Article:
Startup CEOs often follow the strategy that customers will only accept product perfection and with such a mindset it's difficult for them to build an MVP with a limited feature set. An MVP is not supposed to be the final product, but it will achieve its goal by subtraction. However, many business owners don't wait and start including everything the final product should offer. In other words, they don't just stick to the minimum number of features but embed most or all features, also they try to make top-notch designs leaving no space for future changes and improvements.
The reason for such speed is obvious: to impress the audience. That is why developers feel the need to polish up the user experience and add more features to display the app's multi-functionality.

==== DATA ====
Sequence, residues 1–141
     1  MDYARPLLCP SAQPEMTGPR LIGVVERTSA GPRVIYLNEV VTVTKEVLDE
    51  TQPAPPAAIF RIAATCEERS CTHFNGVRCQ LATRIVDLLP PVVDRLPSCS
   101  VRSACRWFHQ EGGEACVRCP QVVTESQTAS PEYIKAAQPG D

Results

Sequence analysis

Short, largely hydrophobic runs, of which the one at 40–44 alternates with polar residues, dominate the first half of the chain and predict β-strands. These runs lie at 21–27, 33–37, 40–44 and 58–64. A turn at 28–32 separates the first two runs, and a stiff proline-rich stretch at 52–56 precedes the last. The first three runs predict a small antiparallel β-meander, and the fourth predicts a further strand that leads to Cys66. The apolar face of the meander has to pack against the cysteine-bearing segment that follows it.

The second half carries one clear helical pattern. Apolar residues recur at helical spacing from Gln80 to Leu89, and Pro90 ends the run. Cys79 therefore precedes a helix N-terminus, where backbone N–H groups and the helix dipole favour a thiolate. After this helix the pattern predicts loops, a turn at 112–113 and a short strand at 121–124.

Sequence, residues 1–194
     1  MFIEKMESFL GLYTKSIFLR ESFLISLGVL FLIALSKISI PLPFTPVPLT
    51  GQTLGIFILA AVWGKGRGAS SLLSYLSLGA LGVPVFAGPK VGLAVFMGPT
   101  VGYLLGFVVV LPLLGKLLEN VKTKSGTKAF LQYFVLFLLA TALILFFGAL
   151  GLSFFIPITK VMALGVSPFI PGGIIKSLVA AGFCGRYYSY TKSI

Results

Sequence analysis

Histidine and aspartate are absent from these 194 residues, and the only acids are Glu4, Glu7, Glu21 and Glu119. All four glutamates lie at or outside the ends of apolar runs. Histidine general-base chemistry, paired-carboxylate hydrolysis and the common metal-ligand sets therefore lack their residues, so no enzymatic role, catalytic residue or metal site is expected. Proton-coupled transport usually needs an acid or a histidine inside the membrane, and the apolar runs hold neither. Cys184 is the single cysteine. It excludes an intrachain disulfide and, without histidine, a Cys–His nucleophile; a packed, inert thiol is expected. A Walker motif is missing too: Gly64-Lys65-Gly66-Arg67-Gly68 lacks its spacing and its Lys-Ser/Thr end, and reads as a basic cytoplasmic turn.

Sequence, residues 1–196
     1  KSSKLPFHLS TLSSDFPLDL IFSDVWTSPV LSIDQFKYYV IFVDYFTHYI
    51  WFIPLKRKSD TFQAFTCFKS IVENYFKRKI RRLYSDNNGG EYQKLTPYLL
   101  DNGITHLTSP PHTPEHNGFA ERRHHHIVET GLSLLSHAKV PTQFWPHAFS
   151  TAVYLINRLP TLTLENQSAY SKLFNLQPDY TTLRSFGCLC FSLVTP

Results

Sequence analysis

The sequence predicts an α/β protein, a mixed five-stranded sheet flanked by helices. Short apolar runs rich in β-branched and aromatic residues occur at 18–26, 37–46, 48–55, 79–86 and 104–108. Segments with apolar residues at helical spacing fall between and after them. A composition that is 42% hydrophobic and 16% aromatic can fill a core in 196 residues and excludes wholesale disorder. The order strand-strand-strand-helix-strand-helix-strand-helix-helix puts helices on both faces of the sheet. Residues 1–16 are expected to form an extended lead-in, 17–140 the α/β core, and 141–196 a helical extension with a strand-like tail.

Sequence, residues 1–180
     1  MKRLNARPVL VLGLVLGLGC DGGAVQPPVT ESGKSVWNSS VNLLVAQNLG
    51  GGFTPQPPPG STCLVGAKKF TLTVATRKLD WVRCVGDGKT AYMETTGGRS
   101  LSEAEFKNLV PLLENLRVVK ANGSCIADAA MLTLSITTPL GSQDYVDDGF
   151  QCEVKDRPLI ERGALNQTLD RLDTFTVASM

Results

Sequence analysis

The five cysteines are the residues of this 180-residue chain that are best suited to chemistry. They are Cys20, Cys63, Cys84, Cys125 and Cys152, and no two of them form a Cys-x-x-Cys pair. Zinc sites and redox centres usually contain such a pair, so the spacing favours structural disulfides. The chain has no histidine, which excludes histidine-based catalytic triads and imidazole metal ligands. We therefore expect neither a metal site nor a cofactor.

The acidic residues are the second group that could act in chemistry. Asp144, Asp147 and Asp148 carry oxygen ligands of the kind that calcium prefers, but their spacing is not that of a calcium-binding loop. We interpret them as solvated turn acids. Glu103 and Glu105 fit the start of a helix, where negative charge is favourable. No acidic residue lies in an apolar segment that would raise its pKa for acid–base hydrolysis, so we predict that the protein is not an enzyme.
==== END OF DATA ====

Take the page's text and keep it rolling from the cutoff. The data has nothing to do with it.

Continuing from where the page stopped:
Deciding what features are crucial while developing an MVP depends on two factors:
The first factor is the feature selection process. It involves going through the MVP's goals and objectives as well as customer needs to determine only the key features relevant to the goals.
The second factor is the description of each proposed feature and its specific benefits about the predetermined goals and users' expectations. This enables startups to see clearly and avoid adding unnecessary features at the MVP stage.
Wonder what the acronym mvp means and why there is so much noise around it? Read our article: MVP or why you shouldn't create a "perfect" product right away.